This Issue

Winter 2012 Issue

Let’s Get Physical - The Importance of Play at ‘Iolani
Read the full story »

Winter 2012 - Department | Alumni Profile

Big Guy Makes Big Difference

By Jolyn Okimoto Rosa  ’88

Dominic Ahuna ’93

  • Position:
    ‘Iolani Strength and Conditioning Coach
  • Education:
    University of Puget Sound, bachelor’s degree ; Chaminade University, MBA; California University of Pennsylvania, MS
  • Pasttimes:
    Founder, ‘Iolani Fellowship of Christian Athletes

Students really obey ‘Iolani strength and conditioning coach Dominic Ahuna ’93. No questions, no long faces, no hands on their knees—even when the prospective varsity boys basketball players he recently worked with were surely tired.

“Don’t forget to bend your elbows,” Ahuna says

The boys relentlessly jumped one-legged over small training hurdles, doing extra pushups on their own when they knocked over a barrier. Ahuna does not scold or yell. He doesn’t need to.

Ahuna competed in football, wrestling and baseball at ‘Iolani before graduating in 1993. He is a big guy, nearly 6-feet- tall and a weightlifting champion in the Aloha State Games—“an imposing physical specimen,” in the words of football coach Wendell Look ’78. But Ahuna’s quick smile and his ability to listen and provide guidance don’t make him seem intimidating. He cares  about the outcome of every jump, every practice, every game. Moreover, he cares about the kids.

“I match my experience in conditioning and training, and I see the value in the students,” Ahuna explains. “I teach a lot of character and discipline. Humility, honor... I want to keep those things alive.”

Ahuna graduated from the University of Puget Sound with a bachelor’s in exercise science and also has two master’s degrees—an M.B.A. from Chaminade University and a M.S. in sports performance from California University of Pennsylvania. Ahuna also trains youth and adults through his business Sports Training Hawaii LLC.

“I match my experience in conditioning and training, and I see the value in the students.”
When he was looking for a strength coach for the football team, Look thought of, who else, but Ahuna who joined the staff in 2003. Look credits Ahuna with much of the team’s success, which includes Division II state championships in six of the last 7 years. (On November 25,‘Iolani brought home its most recent trophy after beating Waipahu 34 - 0.)

“He’s been the number one reason for our success, hands down. Without him, we wouldn’t have taken it to the next level,” Look says.

Coach Dom, as he is known, trains the football team twice a week during the season. He also trains ‘Iolani’s basketball, baseball, wrestling and soccer teams. For football, a key component is Ahuna’s off-season training, which typically occurs four times a week all spring and summer, partly on the track.

The important part is the mental toughness he instills, the idea that you need to push yourself, Look says.

“Given the physical size of our kids, which is not usually the biggest, they need to be as strong as they can be,” Look explains.

Ahuna knows from experience. Look coached Ahuna nearly 20 years ago. He  recalls him as a smaller defensive lineman, with good physical strength, work ethic, discipline and motivation.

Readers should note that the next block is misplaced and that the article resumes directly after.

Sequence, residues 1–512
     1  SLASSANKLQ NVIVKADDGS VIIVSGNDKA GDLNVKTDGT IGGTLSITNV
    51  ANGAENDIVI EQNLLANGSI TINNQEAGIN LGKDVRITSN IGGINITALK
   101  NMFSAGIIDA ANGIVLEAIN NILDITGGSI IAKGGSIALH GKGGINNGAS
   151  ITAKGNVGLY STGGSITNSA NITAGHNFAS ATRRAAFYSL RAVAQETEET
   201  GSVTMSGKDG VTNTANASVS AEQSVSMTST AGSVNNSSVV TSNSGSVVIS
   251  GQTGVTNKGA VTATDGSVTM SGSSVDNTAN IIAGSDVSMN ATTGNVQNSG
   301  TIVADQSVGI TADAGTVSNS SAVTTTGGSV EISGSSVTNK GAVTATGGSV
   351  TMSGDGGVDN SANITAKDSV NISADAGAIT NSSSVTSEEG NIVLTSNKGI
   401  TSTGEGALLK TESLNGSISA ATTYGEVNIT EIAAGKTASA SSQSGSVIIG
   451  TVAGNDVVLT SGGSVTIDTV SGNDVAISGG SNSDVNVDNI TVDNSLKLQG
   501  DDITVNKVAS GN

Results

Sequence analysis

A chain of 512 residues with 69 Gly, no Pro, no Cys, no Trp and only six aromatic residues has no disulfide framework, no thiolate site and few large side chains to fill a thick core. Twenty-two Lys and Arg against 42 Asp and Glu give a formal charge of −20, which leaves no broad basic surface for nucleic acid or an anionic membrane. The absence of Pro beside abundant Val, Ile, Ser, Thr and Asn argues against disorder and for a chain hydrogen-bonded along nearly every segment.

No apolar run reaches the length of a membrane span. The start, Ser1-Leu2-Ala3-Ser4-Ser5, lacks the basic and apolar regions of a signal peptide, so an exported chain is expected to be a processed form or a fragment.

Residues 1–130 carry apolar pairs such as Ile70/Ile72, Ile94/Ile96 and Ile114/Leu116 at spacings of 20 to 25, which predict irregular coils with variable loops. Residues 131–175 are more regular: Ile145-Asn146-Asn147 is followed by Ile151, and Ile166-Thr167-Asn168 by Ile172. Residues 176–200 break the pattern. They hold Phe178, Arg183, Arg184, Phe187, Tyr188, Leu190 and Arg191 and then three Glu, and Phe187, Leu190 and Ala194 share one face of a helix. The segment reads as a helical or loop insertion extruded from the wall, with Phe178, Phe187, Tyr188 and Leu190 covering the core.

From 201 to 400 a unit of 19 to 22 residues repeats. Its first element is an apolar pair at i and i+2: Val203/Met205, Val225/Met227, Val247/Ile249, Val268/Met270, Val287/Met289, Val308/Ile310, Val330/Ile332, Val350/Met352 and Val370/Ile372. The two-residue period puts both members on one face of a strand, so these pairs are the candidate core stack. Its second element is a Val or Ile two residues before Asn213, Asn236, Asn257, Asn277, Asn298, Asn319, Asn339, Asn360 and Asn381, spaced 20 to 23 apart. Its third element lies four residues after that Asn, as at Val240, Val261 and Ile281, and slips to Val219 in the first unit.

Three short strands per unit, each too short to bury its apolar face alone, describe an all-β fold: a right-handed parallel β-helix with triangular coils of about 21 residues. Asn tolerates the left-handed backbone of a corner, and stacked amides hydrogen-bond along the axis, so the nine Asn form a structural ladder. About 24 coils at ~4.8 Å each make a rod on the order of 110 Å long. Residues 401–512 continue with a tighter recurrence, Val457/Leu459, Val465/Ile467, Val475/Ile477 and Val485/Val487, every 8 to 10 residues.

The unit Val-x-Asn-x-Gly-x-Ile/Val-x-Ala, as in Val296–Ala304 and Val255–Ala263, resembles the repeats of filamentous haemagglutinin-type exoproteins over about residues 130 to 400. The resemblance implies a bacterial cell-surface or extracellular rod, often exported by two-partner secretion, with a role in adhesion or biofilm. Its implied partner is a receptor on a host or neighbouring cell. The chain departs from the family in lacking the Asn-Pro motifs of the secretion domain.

“He gave it all he had,” Look says.

Ahuna works with ‘Iolani’s student athletes in the weight room and on the field.
Since then, he’s grown, he adds. “He’s evolved, incorporating what he had at ‘Iolani ... He is a very spiritual guy. He brings another dimension to our program.”

Ahuna founded the ‘Iolani chapter of the Fellowship of Christian Athletes, or FCA, which meets once a week during the school year and draws 80 to 120 students. Scripture verses are attached to the shelves of his office, opposite shelves of sports equipment. He can quote the Bible as easily as he recounts the latest sports score.

Ahuna aims to set an example. “The kids will only rise up to the standards their coaches live by.”

Andrew Skalman ’10  describes his former coach and mentor as one of the most influential people in his life.

Ahuna aims to set an example. “The kids will only rise up to the standards their coaches live by.”
Many coaches stressed fundamentals and skill, Skalman says via email, “but it was Coach Dom who helped me realize that the ultimate foundation of any victory in life is faith.”

Skalman worked with Ahuna on the varsity football team as a three-year starter and was a leader in the fellowship for two years. He is attending Washington University in St. Louis, where he is studying business, Japanese and playing football.   

Ahuna says he never envisioned working with kids. Prior to his return to ‘Iolani, he had worked as a nightclub bouncer and as a trainer at 24 Hour Fitness, where he earned accolades as one of the company’s top trainers nationwide.

“There was something more for me,” he says, smiling.

There is also more to sports than just being athletically talented. Coach Dom learned this from Coach Look. Look learned from the late Coach Eddie Hamada ’46. And Hamada learned from legendary Father Kenneth A. Bray.

Referring to his team, Look says, “You’re football players, but you also want to be good people.”

Comments from Readers

  1. 86022e8da27893637e77aaaafaf91c85
    Gloria Mitchell on 2/10/2012 at 3:13am

    I am so blessed to know that my grandson Harrison Mace is under the influence of Coach Ahuna. Harrison is a terrific young man, but a bit small in stature. But I know he will mature into a "giant of a man in both spirit and stature". Praise God for the godly men in our childrens lives.